Something that makes homeopathic medicine unusual is that certain plants can be utilized as both medicine and poison. One example is the plant called aconite, historically utilized to treat conditions such as colds and anxiety, but also to hunt and kill animals, and even prisoners, due to its highly toxic effects.
What Is Aconite?
Aconite is the name for a group of plants that are native to Europe and used in homeopathic medicine. It’s believed that there are more than 250 species of flowering aconite plants in existence, which belong to the plant family Ranunculaceae (also called the buttercup family).
These plants are also referred to by several other names, including monkshood, wolf’s bane, friar’s cap and auld wife’s huid. Aconite has earned some of these nicknames due to the shape of its flowers, which look similar to the hoods that monks wear.
The flowers are a deep, dark purple or blue color and are described as “helmet-shaped.” Other names for this plant originated because of its historical use in bait used to kill wolves.
Are aconite and Aconitum Napellus the same? For the most part, yes.
Aconite describes the larger genus, while Aconitum napellus is the species name for the plant most often used medicinally. Today these plants grow in many parts of the world, including the United States, Canada, Asia, Africa and Europe.
Although some herbalists and practitioners of folklore medicine have long used this plant for its potentially healing properties, it’s also known to be highly poisonous. Ingestion of aconite, or direct skin contact with the plant, can cause serious side effects and even be lethal, according to the National Poison Control Center.
Uses in Medicine
While research focused on its medicinal benefits has been somewhat limited, there’s a good deal of anecdotal evidence suggesting that this plant has certain therapeutic effects, when properly handled and processed.
Most of these effects are due to the presence of chemicals called alkaloids (especially aconitine), along with strychnine, nicotine, mesaconitine, hypaconitine and jesaconitine.
Although most of these benefits have not been proven, in the past medicinal aconite uses included:
- Fighting colds, infections and common viruses
- Protecting against development of heart disease
- Helping decrease inflammation and pain
- Reducing muscle spasms
- Managing asthma
- Protecting vision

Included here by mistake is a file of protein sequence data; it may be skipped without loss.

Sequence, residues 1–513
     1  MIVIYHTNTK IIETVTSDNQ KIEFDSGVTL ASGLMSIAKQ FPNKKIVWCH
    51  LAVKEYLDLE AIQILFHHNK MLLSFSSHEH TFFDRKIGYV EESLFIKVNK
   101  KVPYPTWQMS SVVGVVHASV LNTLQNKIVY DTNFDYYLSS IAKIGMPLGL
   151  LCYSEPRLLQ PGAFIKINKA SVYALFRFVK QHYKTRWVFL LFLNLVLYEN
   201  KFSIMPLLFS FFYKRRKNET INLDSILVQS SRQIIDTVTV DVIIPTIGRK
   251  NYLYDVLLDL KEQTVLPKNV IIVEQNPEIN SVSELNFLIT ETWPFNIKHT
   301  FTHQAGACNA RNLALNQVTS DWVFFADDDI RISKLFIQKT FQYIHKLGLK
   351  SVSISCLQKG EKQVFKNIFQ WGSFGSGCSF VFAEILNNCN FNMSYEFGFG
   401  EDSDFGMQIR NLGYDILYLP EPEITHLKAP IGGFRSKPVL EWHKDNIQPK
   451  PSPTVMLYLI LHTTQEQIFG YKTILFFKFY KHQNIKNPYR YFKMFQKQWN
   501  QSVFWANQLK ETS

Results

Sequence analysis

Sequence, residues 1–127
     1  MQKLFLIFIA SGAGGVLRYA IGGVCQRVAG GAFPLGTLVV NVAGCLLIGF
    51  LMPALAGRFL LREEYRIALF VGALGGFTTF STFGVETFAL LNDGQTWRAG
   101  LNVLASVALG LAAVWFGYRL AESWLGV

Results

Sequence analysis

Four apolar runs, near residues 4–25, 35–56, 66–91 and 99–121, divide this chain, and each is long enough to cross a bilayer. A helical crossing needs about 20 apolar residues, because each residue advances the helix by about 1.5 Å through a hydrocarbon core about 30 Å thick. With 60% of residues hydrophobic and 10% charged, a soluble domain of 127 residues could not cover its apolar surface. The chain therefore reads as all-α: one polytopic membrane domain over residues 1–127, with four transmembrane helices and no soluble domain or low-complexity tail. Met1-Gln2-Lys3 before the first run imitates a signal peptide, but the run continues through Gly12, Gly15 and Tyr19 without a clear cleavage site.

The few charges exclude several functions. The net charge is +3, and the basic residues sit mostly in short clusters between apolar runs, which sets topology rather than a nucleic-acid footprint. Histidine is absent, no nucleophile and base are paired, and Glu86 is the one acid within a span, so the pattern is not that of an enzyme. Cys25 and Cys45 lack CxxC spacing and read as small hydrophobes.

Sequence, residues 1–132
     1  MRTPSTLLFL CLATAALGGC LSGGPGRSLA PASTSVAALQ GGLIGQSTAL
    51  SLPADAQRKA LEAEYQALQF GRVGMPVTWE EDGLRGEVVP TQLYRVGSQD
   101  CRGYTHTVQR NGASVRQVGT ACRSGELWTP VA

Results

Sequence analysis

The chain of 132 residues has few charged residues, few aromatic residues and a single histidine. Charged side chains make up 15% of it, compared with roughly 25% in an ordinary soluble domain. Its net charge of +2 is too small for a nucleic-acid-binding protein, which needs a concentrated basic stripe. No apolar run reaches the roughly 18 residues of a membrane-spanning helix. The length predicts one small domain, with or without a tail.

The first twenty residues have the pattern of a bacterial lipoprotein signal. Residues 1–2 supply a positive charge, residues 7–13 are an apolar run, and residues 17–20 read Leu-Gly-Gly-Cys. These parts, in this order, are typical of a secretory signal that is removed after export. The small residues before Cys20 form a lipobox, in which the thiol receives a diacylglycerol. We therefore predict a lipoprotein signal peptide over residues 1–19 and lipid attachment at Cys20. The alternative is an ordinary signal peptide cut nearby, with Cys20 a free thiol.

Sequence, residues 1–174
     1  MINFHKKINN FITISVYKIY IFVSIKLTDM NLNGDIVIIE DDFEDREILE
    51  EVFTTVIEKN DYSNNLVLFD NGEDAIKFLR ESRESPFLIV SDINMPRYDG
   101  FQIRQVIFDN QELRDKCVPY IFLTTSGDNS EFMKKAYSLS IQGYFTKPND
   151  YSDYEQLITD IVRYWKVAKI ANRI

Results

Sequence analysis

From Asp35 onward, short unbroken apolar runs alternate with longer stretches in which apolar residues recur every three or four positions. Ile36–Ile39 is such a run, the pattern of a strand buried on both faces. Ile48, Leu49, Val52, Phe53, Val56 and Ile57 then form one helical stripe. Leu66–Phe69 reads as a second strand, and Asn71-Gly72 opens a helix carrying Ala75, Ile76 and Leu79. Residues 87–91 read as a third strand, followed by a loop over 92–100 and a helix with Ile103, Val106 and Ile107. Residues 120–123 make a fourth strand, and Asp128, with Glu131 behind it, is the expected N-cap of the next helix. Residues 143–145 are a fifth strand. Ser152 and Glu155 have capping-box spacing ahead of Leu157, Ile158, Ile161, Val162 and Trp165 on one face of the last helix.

- Defending against cognitive decline
Does this make aconite one of the best supplements for overall health? Not quite.
As explained more below, it can also cause serious, even life-threatening side effects when consumed in lethal amounts.
It’s critical that aconite be properly soaking, boiled and processed before being consumed in order to reduce its poisonous effects. It should also be used in small amounts and kept away from unprotected skin or open wounds.
Homeopathic Uses and Health Benefits
Aconite plants have been utilized in homeopathic, witchcraft and Traditional Chinese Medicine (TCM) for thousands of years, including to make healing tonics and also poison that was given to animals. It stopped being used medicinally in the United States in the 20th century.
According to the British Homeopathic Association, homeopathic uses for this plant include:
- Decreasing mental tension, anxiety and nervousness — some homeopaths even believe there are benefits of aconite for anxiety among children and teens, although this is unproven and controversial
- Fighting headaches and migraines
- Protecting against common colds, high fevers, chills and pneumonia
- Decreasing mild pain, including in children with toothaches (for example, tinctures may be applied to the skin to decrease joint pain)
- Reducing asthma symptoms, coughs, congestion and respiratory infections (a common preparation in TCM is mixing aconite with herbs including licorice root and ginger, which can also support the immune and respiratory systems)
- Decreasing high blood pressure
- Reducing vertigo symptoms
- Treating kidney stones
Products and Dosage
Aconite products come in several forms, including powder, tablets/capsules, extracts and topical tinctures.